Bostock v. Clayton County – Sexual Orientation Anti-Discrimination Ruling – important parts of the ruling that don’t make the headlines
While headlines from today’s Supreme Court ruling on employment discrimination against LGBTQ workers – Bostock v. Clayton County – have focused on the main holding, there are important parts of the opinion that protect employees in other contexts, while ruling that organizations with core religious functions – churches, synagogues, mosques – are not affected by this ruling, while leaving for another day the effect on religiously motivated private employers.
Today, the Supreme Court decided a landmark case, Bostock v. Clayton County, ruling that the 1964 Civil Rights Act prevents workplace discrimination against people who are gay, lesbian, bisexual or transgender. Prior to Bostock, 21 states had state-level protections from employment discrimination for LGBTQ employees, but the rest did not. The case came to the Supreme Court because there was a split in the law. The Second Circuit Court of Appeals (covering New York, Connecticut and Vermont) had ruled that the 1964 Civil Rights Act covered discrimination against LGBTQ people on the basis of sex. But the Fifth Circuit Court of Appeals (covering Texas, Louisiana and Mississippi) had ruled exactly the opposite.
By a 6-3 margin, the Supreme Court ruled that employers cannot discriminate against LGBTQ people in employment decisions – hiring, firing, transfers.
Parts of the ruling that don't get the headlines, which are good for other classes of employees
Beneath the headlines, there are a few interesting quotes from the majority of the Court that may have an outsize effect on employment law cases.
The Supreme Court undercut one of the common defenses of employers in discrimination cases, the tendency for an employer to point to other members of the group and claim that shows there was no discrimination. In a pregnancy discrimination case we litigated, the defendant argued that many of its employees were either pregnant or had children. We argued, then unsuccessfully, that it only mattered what the employer did to that employee. The employer’s treatment of a manager, who was expected to work long hours and weekends for three months in a summer with no days off, caused the employer to fire the manager when she was 8.5 months pregnant. This same employee suffered sexual harassment, and she spent her extra time fixing timecards for younger employers who failed to report correctly. The Supreme Court’s reversal of Fifth Circuit defenses would have been a great help.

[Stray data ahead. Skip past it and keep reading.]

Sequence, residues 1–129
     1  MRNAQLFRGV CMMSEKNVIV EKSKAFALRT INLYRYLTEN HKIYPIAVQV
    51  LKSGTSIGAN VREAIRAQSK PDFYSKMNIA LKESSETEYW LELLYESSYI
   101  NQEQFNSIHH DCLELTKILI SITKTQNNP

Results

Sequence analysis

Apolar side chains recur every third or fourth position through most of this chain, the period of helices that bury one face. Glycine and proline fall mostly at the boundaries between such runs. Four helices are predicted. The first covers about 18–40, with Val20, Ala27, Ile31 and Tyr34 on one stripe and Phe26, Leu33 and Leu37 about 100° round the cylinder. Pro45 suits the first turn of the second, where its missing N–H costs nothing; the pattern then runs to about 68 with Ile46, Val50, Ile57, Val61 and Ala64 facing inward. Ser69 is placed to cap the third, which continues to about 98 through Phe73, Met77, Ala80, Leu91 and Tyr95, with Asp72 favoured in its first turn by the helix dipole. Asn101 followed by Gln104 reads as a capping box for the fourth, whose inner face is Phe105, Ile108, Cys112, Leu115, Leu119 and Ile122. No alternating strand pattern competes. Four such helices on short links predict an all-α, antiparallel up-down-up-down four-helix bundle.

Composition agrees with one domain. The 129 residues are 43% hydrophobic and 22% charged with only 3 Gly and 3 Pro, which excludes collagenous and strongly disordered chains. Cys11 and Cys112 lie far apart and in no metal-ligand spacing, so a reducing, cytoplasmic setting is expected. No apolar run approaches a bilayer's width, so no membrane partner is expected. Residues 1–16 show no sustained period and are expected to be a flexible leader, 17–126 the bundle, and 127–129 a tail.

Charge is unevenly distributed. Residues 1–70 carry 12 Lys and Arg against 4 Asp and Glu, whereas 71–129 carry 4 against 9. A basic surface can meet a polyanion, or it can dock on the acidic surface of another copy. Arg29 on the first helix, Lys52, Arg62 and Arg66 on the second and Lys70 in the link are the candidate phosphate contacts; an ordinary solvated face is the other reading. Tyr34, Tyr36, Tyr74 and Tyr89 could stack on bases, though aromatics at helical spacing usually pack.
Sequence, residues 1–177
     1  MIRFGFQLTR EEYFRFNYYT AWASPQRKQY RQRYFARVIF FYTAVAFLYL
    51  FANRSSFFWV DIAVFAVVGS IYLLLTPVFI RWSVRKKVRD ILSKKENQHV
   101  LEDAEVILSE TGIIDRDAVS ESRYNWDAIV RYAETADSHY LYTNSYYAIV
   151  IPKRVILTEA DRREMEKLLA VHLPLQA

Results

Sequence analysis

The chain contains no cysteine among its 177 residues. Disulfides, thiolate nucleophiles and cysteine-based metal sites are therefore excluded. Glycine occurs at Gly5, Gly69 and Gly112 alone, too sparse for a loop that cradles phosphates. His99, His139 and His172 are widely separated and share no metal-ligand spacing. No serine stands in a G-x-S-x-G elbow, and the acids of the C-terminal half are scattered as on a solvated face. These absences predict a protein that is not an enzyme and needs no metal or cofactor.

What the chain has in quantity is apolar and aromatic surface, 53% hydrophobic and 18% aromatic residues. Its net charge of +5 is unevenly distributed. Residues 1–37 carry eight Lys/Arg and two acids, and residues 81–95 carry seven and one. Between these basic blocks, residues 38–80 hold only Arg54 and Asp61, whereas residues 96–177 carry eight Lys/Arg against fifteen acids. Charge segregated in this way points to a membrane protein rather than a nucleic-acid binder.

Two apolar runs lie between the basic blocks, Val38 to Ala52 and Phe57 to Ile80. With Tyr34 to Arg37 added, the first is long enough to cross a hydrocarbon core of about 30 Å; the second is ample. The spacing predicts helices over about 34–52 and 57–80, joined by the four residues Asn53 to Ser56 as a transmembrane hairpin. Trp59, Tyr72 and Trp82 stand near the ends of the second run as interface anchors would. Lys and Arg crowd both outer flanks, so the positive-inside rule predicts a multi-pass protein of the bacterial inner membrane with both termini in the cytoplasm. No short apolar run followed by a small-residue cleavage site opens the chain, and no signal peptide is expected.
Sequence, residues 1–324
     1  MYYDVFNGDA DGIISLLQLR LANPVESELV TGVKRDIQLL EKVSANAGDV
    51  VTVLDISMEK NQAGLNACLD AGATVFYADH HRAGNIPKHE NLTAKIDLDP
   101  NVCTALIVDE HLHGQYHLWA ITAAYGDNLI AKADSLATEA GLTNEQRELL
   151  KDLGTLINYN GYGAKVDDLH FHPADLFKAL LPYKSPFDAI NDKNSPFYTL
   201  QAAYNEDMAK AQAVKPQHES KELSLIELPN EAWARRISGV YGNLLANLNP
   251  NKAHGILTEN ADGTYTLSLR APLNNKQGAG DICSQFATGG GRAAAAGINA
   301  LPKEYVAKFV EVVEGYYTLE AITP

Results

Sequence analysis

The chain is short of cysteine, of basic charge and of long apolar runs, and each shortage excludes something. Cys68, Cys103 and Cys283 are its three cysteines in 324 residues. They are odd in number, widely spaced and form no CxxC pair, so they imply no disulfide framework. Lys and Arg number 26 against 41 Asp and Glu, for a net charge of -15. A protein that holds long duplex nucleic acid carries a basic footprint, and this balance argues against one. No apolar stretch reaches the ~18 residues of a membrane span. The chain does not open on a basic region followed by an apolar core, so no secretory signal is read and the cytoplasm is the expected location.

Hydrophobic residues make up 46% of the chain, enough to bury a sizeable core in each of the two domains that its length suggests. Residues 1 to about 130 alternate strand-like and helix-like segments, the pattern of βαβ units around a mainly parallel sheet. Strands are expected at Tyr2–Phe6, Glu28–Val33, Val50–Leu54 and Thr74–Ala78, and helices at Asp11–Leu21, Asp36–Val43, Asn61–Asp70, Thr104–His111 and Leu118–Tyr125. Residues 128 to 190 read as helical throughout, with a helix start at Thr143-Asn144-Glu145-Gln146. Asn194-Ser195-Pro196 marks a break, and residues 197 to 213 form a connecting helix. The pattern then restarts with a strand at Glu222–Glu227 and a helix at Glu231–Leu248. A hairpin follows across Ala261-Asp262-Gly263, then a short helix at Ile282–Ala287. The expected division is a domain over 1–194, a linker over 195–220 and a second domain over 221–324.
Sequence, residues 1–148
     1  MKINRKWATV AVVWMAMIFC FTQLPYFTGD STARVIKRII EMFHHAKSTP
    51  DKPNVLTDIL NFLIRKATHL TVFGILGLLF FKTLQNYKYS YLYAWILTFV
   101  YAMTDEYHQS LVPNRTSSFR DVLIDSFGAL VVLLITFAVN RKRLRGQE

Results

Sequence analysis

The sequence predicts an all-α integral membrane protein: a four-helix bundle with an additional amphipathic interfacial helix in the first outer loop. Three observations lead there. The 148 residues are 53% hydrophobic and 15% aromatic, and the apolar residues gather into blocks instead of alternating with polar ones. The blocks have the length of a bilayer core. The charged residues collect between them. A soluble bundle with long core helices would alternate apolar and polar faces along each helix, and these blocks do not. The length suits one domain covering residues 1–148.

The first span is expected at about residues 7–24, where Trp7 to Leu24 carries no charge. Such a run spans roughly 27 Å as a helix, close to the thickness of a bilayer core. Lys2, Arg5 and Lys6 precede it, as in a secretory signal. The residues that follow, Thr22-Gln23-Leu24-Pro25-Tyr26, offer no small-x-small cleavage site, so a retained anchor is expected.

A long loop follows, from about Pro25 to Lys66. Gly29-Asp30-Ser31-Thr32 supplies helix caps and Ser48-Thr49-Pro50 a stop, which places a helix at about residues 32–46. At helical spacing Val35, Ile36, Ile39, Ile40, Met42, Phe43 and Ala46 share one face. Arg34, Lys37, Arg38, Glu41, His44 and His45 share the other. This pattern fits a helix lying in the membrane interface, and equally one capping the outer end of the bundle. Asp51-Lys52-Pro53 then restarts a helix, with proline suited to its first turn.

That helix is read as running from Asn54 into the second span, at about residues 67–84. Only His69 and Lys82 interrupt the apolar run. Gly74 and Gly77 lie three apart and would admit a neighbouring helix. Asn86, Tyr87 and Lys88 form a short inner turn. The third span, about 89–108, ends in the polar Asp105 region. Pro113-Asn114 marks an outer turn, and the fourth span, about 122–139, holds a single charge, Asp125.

The Supreme Court’s focus on the single employee, and refusal to engage in an employer’s group-dynamics defense, will likely make a lasting impact in employment cases. The Court stated:
The consequences of the law’s focus on individuals rather than groups are anything but academic. Suppose an employer fires a woman for refusing his sexual advances. It’s no defense for the employer to note that, while he treated that individual woman worse than he would have treated a man, he gives preferential treatment to female employees overall. The employer is liable for treating this woman worse in part because of her sex. Nor is it a defense for an employer to say it discriminates against both men and women because of sex. This statute works to protect individuals of both sexes from discrimination, and does so equally. So an employer who fires a woman, Hannah, because she is insufficiently feminine and also fires a man, Bob, for being insufficiently masculine may treat men and women as groups more or less equally. But in both cases the employer fires an individual in part because of sex. Instead of avoiding Title VII exposure, this employer doubles it.
Next, the Supreme Court undercut a common employer defense tactic of pointing to a plausible reason for the termination – some alleged bad conduct on the part of the employee in the protected class, and using that as a justification for the termination of a protected employee. This focus on the secondary reason, the Supreme Court ruled, will not hold if the member of the protected class was treated differently because of their status:
From the ordinary public meaning of the statute’s language at the time of the law’s adoption, a straightforward rule emerges: An employer violates Title VII when it intentionally fires an individual employee based in part on sex. It doesn’t matter if other factors besides the plaintiff ’s sex contributed to the decision. And it doesn’t matter if the employer treated women as a group the same when compared to men as a group. If the employer intentionally relies in part on an individual employee’s sex when deciding to discharge the employee—put differently, if changing the employee’s sex would have yielded a different choice by the employer—a statutory violation has occurred. Title VII’s message is “simple but momentous”: An individual employee’s sex is “not relevant to the selection, evaluation, or compensation of employees.” Price Waterhouse v. Hopkins, 490 U. S. 228, 239 (1989) (plurality opinion).
That distinguishes these cases from countless others where Title VII has nothing to say. Take an employer who fires a female employee for tardiness or incompetence or simply supporting the wrong sports team. Assuming the employer would not have tolerated the same trait in a man, Title VII stands silent.